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Background: I have a situation similar to this but the solution there doesn't solve my problem. On GitHub I forked a fork of a project:

Original -> SomeonesFork -> MyFork

I forked from SomeonesFork in order to clean up some changes they had made and send a pull request back to the original repo. Since then I have also sent to pull requests direct to the original which were accepted.

However, I would prefer my repo to be a direct fork of the Original instead of having the SomeonesFork intermediary. (Makes things much easier on GitHub.) I set the original as the upstream and pushed to my fork, but GitHub still says it's a fork of SomeonesFork.

If I try to fork the original again I just get sent to the one that already exists. From research it looks like GH doesn't allow multiple forks.

So my question is: is it safe to simply delete the fork I have right now, then re-fork the original? Does this cause problems in git or GitHub anywhere?

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I have deleted forks with open pull requests against them with no adverse effects. The pull request is "sent" to the repo owner as a patch file. Just try sticking .patch onto the end of any pull request or commit URL on github to see the patch file contents in plain text. –  Treffynnon Jan 2 '13 at 15:45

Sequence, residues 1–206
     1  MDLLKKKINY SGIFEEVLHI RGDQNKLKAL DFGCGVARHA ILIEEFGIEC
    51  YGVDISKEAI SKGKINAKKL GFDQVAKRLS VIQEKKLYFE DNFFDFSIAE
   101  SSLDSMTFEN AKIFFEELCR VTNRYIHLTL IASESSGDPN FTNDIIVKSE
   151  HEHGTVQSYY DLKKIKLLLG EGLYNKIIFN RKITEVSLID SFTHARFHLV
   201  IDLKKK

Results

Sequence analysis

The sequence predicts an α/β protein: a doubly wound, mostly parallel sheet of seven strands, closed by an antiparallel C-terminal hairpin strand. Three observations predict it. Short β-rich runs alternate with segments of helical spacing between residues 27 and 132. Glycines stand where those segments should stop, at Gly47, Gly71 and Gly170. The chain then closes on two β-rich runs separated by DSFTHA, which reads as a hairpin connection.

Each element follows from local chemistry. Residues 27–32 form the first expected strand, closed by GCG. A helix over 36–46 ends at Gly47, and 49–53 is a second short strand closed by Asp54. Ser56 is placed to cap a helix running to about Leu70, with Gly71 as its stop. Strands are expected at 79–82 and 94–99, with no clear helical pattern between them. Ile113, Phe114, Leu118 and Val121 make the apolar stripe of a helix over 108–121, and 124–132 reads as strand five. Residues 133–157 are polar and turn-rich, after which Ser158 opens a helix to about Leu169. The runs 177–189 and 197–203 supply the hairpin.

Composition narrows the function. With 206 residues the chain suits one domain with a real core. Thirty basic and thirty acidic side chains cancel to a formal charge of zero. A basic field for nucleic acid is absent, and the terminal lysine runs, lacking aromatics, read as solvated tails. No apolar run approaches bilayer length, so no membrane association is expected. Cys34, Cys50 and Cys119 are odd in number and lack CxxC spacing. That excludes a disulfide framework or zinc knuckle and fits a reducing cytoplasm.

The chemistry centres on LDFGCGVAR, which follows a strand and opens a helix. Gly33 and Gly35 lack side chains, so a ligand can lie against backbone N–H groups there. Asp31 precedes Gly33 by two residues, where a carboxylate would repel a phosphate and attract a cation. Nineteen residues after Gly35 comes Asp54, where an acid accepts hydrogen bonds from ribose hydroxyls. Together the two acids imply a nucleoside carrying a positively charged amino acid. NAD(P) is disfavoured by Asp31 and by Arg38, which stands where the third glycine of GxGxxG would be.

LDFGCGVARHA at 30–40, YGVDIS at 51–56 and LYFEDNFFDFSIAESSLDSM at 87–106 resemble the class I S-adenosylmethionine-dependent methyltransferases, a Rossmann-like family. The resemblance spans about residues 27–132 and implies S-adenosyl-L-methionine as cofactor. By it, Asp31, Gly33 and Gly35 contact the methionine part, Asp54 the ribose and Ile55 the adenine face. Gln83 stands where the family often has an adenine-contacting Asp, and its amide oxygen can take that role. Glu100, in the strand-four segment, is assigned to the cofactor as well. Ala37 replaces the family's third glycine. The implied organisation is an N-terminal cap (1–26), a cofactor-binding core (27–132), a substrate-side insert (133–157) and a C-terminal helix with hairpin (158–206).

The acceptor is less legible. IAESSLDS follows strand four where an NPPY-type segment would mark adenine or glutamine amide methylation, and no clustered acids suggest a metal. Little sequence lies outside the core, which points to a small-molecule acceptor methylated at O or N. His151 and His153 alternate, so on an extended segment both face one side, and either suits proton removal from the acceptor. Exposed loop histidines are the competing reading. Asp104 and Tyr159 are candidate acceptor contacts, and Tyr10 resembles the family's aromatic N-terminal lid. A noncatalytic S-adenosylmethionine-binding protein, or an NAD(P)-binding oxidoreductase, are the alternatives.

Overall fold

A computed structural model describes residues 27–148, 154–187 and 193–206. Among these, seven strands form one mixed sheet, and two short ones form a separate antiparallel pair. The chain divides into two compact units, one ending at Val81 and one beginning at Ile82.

@Treffynnon there aren't any open pull requests and my current local repo is exactly the same as the original at the moment. –  DisgruntledGoat Jan 2 '13 at 15:47
1  
Like I say I have had no issue deleting them. I regularly delete forks in my account where I have made fixes for other people and they have accepted my pull requests. I like to keep my account clean. There is no real link between two github repos anyway as they both contain copies of the same code hence the distributed nature of git. –  Treffynnon Jan 2 '13 at 15:51
    
OK, feel free to write that as an answer :D –  DisgruntledGoat Jan 2 '13 at 15:54

1 Answer 1

up vote 7 down vote accepted

Git is a distributed system and there is a copy of all the code in all repos that the code has been committed or pushed into. References between repositories are minimal text flags that mention where a merge commit came from. There is no real link between them.

I have deleted many forks on github in the past with no ill effects. The pull request is "sent" to the repo owner as a patch file. Just try sticking .patch onto the end of any pull request or commit URL on github to see the patch file contents in plain text. Here is one that someone else requested against a project I maintain: https://github.com/j4mie/paris/pull/35.patch

Therefore it is self contained and you deleting your fork won't effect the availability of this patch to the upstream repo owner.

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